The term, “spiritual formation,” is a new one for many Protestants. It comes from Catholic spirituality, where it is the specific process of the spiritual preparation of an individual for ministry or for life in a religious community, instilling in them specific spiritual habits. I think Protestants would do well to look at their ministerial preparation programs and evaluate them from this standpoint: do they prepare you to be a person of faith and prayer?

In an almost throwaway passage (p. 62), Willard uses more traditional Protestant language to make his point, and I think perhaps he would have been more effective had he used this terminology throughout. The problem, he says, is that for too many Protestants the gospel is reduced to justification by faith alone, and shorn of regeneration and sanctification. This is a book about sanctification, and the gradual transformation of character over a lifetime of obeying Jesus. Too many nominal Christians are content sitting in the pews with their names on the membership roles–what Bonhoeffer called “cheap grace.”

Willard cobbles together his approach from many different sources. Regrettably, Platonism is one of them. He assumes congruence between Greek philosophy and Biblical teaching (p. 142ff); both, he says, “take the soul as an entity in its own right.” They have “the same assumption about human existence” (p. 144). Spiritual formation, then, is something affecting the soul, and then proceeding to affect the rest of life, “including the body” (p. 156).

At the heart of Willard’s understanding of spiritual discipline and spiritual formation is his understanding of “Sabbath.” This is not the Sabbath, mind you, but Sabbath as principle, as metaphor. It is “the key to the keys to the kingdom” (chapter 5). The “moral principle” of Sabbath is to “do no work”, “casting all your anxiety on Him.”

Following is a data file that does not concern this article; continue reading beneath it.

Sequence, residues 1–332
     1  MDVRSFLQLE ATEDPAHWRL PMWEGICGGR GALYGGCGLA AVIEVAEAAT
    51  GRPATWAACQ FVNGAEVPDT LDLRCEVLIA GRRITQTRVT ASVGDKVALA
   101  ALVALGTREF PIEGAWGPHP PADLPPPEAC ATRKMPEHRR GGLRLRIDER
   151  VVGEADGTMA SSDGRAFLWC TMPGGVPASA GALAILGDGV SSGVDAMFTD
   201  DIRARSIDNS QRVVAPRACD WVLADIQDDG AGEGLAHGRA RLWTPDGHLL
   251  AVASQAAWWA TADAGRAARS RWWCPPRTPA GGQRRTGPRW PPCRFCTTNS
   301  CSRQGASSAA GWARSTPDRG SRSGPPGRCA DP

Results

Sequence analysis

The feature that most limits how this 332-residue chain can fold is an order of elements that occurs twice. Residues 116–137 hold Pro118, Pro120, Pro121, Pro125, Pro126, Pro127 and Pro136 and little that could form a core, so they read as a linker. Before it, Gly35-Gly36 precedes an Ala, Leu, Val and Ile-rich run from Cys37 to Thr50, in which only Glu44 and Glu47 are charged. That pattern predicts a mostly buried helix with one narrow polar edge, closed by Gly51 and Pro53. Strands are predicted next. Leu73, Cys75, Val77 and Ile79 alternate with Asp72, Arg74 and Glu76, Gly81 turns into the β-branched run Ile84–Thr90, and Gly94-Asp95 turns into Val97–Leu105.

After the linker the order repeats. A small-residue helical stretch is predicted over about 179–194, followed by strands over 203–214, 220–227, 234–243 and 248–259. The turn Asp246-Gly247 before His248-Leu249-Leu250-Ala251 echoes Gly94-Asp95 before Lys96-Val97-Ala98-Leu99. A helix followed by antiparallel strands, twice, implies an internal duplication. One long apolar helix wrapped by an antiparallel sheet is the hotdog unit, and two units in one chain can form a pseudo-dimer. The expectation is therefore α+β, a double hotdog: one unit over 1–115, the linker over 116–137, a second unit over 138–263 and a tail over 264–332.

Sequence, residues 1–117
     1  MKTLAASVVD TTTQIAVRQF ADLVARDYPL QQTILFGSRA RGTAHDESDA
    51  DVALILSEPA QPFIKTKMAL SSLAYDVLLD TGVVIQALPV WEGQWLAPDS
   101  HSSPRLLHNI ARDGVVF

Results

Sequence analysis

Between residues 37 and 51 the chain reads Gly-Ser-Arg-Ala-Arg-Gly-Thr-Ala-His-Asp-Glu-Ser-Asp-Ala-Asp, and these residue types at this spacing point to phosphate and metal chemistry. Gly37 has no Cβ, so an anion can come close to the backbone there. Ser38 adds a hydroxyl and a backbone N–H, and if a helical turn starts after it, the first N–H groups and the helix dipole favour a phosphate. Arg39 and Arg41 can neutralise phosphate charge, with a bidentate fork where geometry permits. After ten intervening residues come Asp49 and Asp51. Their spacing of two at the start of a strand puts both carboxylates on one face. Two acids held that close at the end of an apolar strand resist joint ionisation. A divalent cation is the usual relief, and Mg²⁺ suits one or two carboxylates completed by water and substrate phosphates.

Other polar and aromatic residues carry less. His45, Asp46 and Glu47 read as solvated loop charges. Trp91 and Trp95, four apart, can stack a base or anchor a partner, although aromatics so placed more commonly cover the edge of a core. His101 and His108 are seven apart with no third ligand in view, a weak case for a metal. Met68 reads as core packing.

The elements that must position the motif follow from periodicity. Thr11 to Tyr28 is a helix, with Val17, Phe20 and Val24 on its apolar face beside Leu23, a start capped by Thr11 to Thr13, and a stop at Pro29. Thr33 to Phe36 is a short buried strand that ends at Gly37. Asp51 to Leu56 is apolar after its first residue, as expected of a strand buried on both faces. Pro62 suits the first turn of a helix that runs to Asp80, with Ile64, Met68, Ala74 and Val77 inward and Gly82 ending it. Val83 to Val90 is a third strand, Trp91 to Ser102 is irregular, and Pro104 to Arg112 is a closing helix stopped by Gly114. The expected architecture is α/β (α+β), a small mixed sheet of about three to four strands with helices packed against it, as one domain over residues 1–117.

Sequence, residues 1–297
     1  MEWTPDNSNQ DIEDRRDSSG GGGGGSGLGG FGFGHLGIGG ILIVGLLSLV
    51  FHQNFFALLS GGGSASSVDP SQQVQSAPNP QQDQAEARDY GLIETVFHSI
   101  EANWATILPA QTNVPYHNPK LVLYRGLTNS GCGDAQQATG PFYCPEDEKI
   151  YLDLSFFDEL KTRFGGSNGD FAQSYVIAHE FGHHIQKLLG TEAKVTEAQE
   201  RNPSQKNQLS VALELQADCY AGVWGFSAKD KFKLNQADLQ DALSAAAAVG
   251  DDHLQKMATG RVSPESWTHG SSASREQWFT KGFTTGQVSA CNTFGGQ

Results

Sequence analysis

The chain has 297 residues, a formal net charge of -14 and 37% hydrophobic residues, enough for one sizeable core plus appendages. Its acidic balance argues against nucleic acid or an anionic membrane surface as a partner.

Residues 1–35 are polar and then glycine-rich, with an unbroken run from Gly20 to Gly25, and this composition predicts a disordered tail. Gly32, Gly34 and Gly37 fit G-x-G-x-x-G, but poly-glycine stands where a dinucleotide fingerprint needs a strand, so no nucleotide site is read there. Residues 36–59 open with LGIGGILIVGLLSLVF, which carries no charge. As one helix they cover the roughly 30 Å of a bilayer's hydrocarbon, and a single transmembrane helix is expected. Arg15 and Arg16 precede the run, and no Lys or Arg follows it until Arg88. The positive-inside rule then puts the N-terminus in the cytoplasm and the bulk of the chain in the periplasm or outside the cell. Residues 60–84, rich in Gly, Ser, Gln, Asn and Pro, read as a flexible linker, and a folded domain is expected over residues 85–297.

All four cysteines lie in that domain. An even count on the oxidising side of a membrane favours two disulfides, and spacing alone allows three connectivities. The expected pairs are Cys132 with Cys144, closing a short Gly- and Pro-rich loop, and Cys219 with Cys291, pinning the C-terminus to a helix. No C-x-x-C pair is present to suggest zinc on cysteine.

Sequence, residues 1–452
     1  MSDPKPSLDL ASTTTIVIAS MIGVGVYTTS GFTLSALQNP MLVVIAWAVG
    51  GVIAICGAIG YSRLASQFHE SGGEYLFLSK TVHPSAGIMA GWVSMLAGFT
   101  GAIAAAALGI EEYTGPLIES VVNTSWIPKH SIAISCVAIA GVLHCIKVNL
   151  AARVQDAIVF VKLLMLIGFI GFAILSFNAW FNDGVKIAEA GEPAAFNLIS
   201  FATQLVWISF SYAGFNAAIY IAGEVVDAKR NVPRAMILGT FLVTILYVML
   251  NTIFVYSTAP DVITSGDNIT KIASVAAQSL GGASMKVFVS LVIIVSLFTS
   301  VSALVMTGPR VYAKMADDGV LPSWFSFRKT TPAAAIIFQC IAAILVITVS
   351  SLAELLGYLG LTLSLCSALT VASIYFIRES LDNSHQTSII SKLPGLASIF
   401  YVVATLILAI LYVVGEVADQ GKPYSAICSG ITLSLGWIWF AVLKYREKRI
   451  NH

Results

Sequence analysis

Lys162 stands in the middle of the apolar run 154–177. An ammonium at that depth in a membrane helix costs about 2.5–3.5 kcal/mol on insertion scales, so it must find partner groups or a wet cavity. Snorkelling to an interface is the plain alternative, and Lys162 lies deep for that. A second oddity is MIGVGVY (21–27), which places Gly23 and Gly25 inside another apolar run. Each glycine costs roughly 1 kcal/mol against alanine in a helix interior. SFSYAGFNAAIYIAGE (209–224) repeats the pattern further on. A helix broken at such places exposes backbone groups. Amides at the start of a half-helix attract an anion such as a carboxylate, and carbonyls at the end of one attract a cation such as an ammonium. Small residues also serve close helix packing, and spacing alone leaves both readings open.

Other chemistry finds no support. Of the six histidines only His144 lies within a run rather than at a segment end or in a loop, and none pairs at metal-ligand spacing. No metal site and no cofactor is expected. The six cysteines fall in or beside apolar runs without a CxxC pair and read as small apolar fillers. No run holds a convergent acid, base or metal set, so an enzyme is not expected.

“Making Sabbath real in the midst of our life” involves “solitude, silence, and fasting,” “the central disciplines of abstinence.”

For most of us, Sabbath will not become possible without extensive, regular practice of solitude. That is, we must practice time alone, out of contact with others, in a comfortable setting outdoors or indoors, doing no work. We must not take our work with us into solitude, or it will evade us–not even in the form of Bible study, prayer, or sermon preparation, for then we will not be alone (p. 35).

Here’s where I must pull sharply back on the reins and holler, “Whoaaaa!” Sabbath as abstinence from Bible study and prayer? Sabbath as mere retreat into ourselves? This is certainly not the Biblical understanding of the Sabbath.

The Sabbath is not a principle, it is a day, a day set apart by God in memory of his work of creation, as well as a sign that he is the one who sanctifies us. It is not a day kept alone, but one in fellowship with God, in the communion of prayer and studying his Word. It is not a day of solitude, but involves a “holy convocation,” coming together with others. It is not a fast day, but a day to enjoy the fruits of creation–God didn’t simply withhold manna on it, but provided a double portion on Friday so that there would be food.

The book is an unfortunate hodgepodge of common sense and head-scratching novelty. But Willard’s popularity does underscore the dearth of spiritual depth in much of contemporary Christianity. It points to a hunger that can only be satisfied by true communion with God.